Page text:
Well, is it less so under a democracy, where the people, in their associated capacity, are held to be absolute? The people are the state, and the state is absolute; the people may therefore do whatever they please. Is not this freedom? Yes, for the state; but what is it for the individual? There are no kings, no nobilities, it is true; but the people may exercise all the power over the individual that kings or nobilities may; and consequently every man, taken singly, is, under a democracy, if the state be absolute, as much the slave of the state, as under the most absolute monarchy or aristocracy.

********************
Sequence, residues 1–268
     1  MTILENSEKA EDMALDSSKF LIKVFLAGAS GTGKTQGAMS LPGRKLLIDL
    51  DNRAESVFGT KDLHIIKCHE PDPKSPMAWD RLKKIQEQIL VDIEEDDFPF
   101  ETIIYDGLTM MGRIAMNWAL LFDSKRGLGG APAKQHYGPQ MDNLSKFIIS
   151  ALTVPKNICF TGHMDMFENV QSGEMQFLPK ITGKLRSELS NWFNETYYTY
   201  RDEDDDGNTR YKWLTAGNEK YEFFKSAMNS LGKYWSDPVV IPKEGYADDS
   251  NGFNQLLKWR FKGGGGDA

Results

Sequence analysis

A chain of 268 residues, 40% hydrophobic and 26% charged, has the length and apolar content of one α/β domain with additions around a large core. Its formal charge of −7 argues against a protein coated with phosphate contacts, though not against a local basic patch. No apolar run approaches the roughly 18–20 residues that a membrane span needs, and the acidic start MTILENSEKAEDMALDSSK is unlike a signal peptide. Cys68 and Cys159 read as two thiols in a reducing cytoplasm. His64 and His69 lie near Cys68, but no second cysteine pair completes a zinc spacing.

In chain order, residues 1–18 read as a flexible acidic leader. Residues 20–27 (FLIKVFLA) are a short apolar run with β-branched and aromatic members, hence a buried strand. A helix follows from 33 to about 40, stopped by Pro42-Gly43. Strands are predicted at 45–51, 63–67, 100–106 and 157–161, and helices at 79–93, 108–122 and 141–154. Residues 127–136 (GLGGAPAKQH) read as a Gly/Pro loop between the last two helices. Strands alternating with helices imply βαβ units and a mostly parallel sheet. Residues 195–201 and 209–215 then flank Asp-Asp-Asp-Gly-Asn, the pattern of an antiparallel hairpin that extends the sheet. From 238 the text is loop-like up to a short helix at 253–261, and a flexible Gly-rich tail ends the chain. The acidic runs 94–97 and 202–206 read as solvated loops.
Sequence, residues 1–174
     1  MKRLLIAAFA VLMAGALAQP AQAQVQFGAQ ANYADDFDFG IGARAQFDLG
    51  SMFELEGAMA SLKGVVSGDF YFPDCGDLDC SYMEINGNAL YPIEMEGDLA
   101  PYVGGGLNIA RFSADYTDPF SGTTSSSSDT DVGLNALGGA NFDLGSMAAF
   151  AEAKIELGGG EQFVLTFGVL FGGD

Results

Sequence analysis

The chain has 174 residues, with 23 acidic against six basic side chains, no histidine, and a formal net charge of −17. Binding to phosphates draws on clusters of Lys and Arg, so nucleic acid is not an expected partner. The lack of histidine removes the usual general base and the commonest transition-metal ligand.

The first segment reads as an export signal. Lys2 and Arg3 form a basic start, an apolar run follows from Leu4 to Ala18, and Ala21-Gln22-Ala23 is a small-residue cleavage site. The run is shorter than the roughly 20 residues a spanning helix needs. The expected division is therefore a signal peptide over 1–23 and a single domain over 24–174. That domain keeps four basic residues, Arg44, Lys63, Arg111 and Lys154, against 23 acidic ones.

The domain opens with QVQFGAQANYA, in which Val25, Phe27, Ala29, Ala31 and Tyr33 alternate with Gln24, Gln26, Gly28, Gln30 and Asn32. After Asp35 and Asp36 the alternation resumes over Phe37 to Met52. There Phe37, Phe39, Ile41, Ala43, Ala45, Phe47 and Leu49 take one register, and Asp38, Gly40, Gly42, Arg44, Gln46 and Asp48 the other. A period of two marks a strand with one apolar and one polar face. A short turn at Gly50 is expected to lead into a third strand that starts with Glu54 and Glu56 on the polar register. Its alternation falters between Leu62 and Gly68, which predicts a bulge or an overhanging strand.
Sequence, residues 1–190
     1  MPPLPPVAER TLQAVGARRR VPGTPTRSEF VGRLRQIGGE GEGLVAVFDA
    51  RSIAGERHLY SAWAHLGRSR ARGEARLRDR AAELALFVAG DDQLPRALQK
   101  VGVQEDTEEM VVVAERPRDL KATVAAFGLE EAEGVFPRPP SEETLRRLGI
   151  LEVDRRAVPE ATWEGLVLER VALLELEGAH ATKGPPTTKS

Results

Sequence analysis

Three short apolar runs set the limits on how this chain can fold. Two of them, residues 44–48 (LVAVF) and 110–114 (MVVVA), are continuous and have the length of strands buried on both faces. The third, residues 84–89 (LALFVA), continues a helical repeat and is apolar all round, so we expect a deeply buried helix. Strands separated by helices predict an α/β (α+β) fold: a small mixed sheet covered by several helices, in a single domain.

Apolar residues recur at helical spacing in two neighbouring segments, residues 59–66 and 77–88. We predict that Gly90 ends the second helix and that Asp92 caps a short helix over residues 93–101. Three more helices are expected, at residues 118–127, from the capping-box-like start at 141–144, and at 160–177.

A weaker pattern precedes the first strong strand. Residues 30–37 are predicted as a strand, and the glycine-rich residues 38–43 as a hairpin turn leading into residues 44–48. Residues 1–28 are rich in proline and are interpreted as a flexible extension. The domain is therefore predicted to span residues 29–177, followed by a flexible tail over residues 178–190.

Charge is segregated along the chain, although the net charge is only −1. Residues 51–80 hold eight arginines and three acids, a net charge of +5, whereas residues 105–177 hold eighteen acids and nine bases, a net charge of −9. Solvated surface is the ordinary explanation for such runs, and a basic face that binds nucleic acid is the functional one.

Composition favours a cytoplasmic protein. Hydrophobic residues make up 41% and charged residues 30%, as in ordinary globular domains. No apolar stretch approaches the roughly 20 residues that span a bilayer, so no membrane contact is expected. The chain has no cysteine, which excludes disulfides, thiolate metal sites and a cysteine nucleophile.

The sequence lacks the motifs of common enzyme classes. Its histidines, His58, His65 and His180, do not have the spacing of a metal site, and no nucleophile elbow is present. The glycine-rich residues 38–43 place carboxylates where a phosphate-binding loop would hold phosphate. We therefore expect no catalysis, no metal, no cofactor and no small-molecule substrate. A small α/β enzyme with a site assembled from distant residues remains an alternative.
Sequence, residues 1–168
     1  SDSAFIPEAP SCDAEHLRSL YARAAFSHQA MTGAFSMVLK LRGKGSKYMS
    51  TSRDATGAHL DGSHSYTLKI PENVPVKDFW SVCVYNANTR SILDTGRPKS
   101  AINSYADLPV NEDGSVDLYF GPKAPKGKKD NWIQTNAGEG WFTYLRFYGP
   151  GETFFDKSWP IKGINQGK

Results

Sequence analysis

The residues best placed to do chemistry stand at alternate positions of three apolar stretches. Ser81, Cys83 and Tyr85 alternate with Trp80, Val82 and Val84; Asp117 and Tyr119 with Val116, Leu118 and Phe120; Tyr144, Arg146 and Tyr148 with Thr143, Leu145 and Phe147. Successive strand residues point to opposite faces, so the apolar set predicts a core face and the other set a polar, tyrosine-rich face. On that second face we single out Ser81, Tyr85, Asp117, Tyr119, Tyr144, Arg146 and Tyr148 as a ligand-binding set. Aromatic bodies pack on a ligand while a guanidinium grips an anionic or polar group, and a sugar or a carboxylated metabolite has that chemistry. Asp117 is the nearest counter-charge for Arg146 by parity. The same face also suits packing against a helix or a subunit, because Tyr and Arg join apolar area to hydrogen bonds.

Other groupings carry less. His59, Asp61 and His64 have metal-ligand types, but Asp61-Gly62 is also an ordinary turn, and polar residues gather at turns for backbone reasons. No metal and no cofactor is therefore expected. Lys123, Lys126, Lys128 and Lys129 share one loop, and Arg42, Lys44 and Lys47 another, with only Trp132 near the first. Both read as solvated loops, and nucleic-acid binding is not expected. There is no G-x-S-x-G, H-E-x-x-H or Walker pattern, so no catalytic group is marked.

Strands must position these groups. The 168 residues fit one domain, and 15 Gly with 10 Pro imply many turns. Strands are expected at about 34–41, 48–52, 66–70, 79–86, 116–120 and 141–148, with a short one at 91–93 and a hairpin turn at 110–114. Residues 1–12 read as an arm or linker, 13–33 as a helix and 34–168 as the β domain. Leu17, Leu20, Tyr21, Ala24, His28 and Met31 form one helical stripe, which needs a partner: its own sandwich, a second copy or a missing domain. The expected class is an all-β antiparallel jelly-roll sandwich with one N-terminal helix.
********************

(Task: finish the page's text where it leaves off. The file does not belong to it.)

The effects of this doctrine, so far as believed and acted on, cannot be too earnestly deprecated. It creates a multitude of demagogues, pretending a world of love for the dear people, lauding the people’s virtues, magnifying their sovereignty, and with mock humility professing their readiness ever to bow to the will of the majority. It tends to make public men lax in their morals, hypocritical in their conduct; and it paves the way for gross bribery and corruption. It generates a habit of appealing, on nearly all occasions, from truth and justice, wisdom and virtue, to the force of numbers, and virtually sinks the man in the brute. It destroys manliness of character, independence of thought and action, and makes one weak, vacillating, a timeserver and a coward. It perverts inquiry from its legitimate objects, and asks, when it concerns a candidate for office, not, Who is the most honest, the most capable? but, Who will command the most votes? and when it concerns a measure of policy, not, What is just? What is for the public good? but, What can the majority be induced to support?